The dismal education system in Baltimore, one that spends the third most per pupil in America, affects students across Maryland. Students who score well on standardized tests are judged against their peers, including those enrolled in Baltimore’s abysmal system. The weight of their scores is meaningless when compared to a system that graduates two out of three students. This provides a false sense of success and undercuts the entire education system.
I’ve heard excuses from institutionalized racism to social mobility. Those who would trumpet the “legacy of slavery” as the reason Baltimore’s inner city youth have no chance to succeed are victims of race hustlers. Poverty knows no color. I would direct the reader to Theodore Dalrymple’s Life at the Bottom, which highlights the travesty of welfare in the white slums of London, or perhaps take a visit to Appalachia.
While politicos pander to their constituents, we should look no further than the real culprit behind Baltimore’s issues: the welfare culture. Since the War on Poverty’s genesis, we have witnessed the escalation of crime, expanded access to welfare, and the deterioration of the nuclear family wreak havoc on Baltimore’s youth. With a poverty rate of 31%, an unemployment rate of 21%, an incarceration rate of 3,000 per 100,000, and teen birth rates of 108 per 1,000, the area known as “Sandtown” is a microcosm of the problems welfare causes.
Expanded welfare increases crime. In 1994, the Maryland NAACP released a report stating, “The ready access to a lifetime of welfare and free social programs is a major contributory factor to the crime problem we face today.” Since the 1960’s, the murder rate among black males has doubled. A crime problem will most certainly escalate tension between police and its citizens.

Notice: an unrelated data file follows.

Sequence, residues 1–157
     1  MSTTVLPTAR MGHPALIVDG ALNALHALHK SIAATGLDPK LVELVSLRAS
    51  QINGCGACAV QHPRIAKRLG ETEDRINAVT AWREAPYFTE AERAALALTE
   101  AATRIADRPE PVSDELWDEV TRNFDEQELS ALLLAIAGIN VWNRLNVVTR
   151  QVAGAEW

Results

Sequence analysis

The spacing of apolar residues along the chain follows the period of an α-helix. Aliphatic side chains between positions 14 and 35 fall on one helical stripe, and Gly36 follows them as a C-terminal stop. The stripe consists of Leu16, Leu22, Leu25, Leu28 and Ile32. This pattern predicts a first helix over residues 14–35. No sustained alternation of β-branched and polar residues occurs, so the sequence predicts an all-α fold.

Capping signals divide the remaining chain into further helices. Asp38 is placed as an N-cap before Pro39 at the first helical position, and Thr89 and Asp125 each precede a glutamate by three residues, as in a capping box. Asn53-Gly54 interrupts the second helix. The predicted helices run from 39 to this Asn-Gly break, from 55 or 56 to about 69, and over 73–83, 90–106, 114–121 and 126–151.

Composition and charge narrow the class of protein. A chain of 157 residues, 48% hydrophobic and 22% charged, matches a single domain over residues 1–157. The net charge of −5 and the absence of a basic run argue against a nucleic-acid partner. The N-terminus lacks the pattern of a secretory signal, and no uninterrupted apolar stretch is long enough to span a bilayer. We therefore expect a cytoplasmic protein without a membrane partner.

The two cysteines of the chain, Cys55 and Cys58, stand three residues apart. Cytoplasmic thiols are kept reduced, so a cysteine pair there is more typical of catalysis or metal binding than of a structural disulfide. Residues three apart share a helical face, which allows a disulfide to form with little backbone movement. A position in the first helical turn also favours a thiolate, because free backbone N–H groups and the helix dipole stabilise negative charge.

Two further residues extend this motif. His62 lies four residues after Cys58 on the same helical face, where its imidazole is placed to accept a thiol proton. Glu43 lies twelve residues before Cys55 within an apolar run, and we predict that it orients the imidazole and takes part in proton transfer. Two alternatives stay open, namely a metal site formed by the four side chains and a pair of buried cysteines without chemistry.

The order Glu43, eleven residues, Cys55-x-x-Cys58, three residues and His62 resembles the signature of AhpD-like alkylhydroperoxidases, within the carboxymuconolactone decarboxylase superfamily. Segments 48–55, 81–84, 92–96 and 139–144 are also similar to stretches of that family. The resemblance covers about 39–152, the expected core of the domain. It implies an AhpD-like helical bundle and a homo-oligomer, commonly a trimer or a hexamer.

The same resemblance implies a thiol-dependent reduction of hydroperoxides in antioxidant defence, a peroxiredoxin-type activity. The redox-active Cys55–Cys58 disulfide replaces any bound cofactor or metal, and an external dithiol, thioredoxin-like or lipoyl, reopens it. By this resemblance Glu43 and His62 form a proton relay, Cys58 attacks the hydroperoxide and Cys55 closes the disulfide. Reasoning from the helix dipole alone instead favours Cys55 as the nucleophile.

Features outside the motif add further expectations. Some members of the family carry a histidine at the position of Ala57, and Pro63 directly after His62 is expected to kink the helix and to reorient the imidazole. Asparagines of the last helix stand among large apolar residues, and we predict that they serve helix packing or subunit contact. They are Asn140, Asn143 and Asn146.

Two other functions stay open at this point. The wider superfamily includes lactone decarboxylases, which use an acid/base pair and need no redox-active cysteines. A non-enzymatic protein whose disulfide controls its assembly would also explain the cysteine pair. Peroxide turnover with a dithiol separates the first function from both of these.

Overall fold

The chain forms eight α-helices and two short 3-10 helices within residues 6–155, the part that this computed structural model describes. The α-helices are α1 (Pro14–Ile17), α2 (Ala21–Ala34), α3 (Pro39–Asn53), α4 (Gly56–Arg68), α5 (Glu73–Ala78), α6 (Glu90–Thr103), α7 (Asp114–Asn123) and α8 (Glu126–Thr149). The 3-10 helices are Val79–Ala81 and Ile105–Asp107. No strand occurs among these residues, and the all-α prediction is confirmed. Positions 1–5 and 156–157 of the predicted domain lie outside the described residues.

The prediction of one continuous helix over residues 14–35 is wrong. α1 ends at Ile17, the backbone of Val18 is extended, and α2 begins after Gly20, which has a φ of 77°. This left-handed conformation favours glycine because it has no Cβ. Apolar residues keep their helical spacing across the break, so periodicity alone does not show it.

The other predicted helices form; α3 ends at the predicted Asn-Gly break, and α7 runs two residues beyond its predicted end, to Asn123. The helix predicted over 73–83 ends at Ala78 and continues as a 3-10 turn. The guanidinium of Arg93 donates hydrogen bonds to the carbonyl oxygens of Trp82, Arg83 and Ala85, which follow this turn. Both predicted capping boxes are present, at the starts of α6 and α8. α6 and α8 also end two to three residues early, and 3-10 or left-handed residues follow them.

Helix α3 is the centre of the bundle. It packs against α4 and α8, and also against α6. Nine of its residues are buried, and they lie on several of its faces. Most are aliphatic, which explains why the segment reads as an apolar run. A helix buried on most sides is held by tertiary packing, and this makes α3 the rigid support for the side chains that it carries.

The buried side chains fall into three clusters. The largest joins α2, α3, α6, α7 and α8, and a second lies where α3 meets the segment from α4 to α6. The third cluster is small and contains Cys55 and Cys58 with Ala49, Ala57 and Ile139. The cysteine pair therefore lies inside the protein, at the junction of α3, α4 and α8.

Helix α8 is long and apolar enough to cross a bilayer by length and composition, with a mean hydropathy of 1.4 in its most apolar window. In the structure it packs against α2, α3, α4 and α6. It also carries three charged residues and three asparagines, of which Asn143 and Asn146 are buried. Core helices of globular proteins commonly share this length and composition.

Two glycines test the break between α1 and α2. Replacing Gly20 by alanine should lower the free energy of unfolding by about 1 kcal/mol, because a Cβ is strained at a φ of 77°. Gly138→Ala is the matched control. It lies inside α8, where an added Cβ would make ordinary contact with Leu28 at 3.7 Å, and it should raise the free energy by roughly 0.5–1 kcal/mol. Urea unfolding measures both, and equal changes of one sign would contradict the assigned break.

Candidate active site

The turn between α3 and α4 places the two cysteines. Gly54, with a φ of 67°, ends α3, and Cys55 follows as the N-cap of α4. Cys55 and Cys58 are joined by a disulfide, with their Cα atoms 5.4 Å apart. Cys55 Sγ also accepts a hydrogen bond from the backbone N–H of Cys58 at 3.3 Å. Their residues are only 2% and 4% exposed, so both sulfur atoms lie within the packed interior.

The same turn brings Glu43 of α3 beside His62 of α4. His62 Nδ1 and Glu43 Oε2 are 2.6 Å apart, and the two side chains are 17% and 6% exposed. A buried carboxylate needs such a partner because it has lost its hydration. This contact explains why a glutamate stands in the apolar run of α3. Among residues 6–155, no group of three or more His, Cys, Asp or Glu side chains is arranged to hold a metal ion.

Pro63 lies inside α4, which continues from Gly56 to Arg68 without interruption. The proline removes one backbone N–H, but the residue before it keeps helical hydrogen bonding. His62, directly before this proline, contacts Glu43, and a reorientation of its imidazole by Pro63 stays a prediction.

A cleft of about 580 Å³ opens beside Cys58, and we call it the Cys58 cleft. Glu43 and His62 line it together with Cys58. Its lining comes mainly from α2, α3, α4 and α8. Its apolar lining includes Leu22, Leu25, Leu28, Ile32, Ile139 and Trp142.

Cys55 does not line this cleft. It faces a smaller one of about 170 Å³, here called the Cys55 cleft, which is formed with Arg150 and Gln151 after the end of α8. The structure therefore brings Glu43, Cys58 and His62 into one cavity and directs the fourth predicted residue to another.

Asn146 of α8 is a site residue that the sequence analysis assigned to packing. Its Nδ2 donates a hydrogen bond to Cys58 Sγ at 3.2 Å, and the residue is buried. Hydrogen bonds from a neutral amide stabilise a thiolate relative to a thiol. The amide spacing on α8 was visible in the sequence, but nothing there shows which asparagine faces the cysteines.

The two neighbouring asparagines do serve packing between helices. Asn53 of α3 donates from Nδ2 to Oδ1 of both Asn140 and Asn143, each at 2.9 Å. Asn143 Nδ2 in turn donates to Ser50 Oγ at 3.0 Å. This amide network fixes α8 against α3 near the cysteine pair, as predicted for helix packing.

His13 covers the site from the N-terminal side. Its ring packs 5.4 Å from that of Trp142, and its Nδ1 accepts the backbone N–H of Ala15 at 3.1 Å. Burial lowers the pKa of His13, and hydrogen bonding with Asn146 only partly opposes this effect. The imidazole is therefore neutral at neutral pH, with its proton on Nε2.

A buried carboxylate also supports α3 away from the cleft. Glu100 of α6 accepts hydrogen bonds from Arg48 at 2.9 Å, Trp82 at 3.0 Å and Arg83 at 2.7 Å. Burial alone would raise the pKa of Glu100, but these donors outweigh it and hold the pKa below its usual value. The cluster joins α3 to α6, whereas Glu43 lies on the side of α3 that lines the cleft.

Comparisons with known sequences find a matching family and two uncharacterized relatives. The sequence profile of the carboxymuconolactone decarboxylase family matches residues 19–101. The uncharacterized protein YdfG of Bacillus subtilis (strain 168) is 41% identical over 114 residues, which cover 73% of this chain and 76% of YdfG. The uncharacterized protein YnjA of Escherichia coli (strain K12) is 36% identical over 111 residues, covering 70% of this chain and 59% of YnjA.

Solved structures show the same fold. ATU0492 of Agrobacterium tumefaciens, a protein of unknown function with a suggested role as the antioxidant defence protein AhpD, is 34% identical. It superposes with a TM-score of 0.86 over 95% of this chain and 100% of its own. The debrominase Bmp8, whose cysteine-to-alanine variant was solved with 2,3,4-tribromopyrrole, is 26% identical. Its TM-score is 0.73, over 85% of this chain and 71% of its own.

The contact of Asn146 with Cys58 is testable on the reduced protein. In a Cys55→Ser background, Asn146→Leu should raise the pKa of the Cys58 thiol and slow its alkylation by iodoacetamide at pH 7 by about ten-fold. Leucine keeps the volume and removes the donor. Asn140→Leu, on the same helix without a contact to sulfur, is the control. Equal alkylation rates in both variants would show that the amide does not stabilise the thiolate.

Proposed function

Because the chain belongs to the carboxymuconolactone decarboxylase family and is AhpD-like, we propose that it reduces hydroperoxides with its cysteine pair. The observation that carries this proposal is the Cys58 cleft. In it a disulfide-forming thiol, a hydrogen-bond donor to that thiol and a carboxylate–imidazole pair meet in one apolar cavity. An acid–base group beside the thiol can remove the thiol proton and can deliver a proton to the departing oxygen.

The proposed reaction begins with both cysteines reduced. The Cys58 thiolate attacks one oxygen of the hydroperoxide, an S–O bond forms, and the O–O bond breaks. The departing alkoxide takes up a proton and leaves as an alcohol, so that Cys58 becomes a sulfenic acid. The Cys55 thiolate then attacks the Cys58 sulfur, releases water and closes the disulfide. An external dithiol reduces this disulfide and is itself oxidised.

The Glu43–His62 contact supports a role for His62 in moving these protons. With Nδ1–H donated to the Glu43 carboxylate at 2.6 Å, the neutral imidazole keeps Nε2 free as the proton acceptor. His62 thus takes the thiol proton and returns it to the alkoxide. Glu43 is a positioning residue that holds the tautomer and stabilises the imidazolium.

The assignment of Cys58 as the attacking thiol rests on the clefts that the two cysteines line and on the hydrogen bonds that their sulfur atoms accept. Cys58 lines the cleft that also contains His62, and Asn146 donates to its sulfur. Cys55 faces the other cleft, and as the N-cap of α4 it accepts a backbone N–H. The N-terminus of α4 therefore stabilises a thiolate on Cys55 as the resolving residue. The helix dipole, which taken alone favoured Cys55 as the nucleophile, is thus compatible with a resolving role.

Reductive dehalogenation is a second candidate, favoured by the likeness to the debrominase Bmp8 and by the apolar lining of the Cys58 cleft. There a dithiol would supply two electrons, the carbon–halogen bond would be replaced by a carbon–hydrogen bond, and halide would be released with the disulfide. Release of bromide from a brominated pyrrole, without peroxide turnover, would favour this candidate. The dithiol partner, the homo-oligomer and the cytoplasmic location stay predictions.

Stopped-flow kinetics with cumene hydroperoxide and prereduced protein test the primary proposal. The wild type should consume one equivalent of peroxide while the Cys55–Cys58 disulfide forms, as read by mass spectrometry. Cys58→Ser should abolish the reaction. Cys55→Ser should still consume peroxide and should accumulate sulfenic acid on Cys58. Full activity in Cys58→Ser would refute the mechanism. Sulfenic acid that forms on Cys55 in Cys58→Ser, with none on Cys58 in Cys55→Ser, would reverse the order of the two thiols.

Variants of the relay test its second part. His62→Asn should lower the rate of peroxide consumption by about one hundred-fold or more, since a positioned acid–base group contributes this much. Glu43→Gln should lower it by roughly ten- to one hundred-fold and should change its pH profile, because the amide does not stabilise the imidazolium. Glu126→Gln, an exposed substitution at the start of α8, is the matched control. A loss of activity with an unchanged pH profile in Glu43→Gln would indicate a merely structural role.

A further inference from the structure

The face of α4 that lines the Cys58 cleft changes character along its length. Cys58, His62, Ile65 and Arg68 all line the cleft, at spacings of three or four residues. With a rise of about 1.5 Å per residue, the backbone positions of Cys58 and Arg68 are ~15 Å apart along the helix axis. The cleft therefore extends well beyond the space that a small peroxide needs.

Increasing welfare benefits also encourages single parent households, increasing them by 150%. These arrangements often leave children without a male role model, as a government check now usurps a father’s role in the family, leaving him emasculated. This has a snowball effect on employment. Since the mid-90’s, married black households have maintained a single digit unemployment rate. The same cannot be said for those children raised without a father figure, who often gravitate towards gangs for influence.
The most destructive part of welfare – the mentality that individuals cannot succeed without the help of the government – is one I take the greatest issue. To receive help without implication, without personal responsibility, is a life devoid of meaning and hope. While there is no doubt inner city youth face bigger hurdles to success, they are simply hurdles meant to be overcome, and the lessons they learn during their path will help them teach future generations.
Baltimore has suffered long enough with such irresponsible policies. It does not require more investment into its schools. Compare Dunbar High in the early 20th century with Baltimore’s schools. Both operate in impoverished areas with comparable socioeconomic struggles. Dunbar produced excellent students with subpar funding while Baltimore schools struggle to produce students with more than enough funding. It requires accountability.
Until those who live in Baltimore are ready to change their culture, nothing will change. No amount of guilt or money will alter the course of Charm City.
Free State Happy Hour -George #Stephanopoulos & Hillary #Clinton, #Larry Hogan and #Baltimore Education
Jimmy is solo today. He’ll talk about (briefly) George Stephanopoulos and Clinton Cash, Larry Hogan and Baltimore City Education, and give a review of his article in the Maryland Gazette
Title says it all. We’re reviewing Avengers: Age of Ultron, Before I Wake, Hot Pursuit, Mad Max: Fury Road, Poltergeist, Tommorowland, Aloha, San Andreas, Entourage, Insidious; Chapter 3, Jurassic World, Ted 2, Terminator: Genisys, Ant-Man, Pixels, Mission Impossible: Tom Cruise is Short, The Fantastic Four, and more
We’re back for another ridiculous episode of VRWC. Today we wrap up on Baltimore Riots, Is Thug the new “N-word”, and Garland Shooting
Title speaks for itself